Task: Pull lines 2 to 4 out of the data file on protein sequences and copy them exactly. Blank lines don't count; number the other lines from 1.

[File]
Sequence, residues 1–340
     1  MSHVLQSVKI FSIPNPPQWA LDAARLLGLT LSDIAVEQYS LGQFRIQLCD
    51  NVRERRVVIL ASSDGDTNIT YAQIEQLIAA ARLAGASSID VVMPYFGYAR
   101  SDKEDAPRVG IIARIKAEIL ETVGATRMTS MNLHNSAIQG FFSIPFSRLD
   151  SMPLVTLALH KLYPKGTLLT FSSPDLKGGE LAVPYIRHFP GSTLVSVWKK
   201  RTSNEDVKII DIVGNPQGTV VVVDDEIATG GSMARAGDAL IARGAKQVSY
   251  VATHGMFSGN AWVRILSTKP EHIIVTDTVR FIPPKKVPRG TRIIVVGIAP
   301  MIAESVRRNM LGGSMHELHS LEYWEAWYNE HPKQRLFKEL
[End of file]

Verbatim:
     1  MSHVLQSVKI FSIPNPPQWA LDAARLLGLT LSDIAVEQYS LGQFRIQLCD
    51  NVRERRVVIL ASSDGDTNIT YAQIEQLIAA ARLAGASSID VVMPYFGYAR
   101  SDKEDAPRVG IIARIKAEIL ETVGATRMTS MNLHNSAIQG FFSIPFSRLD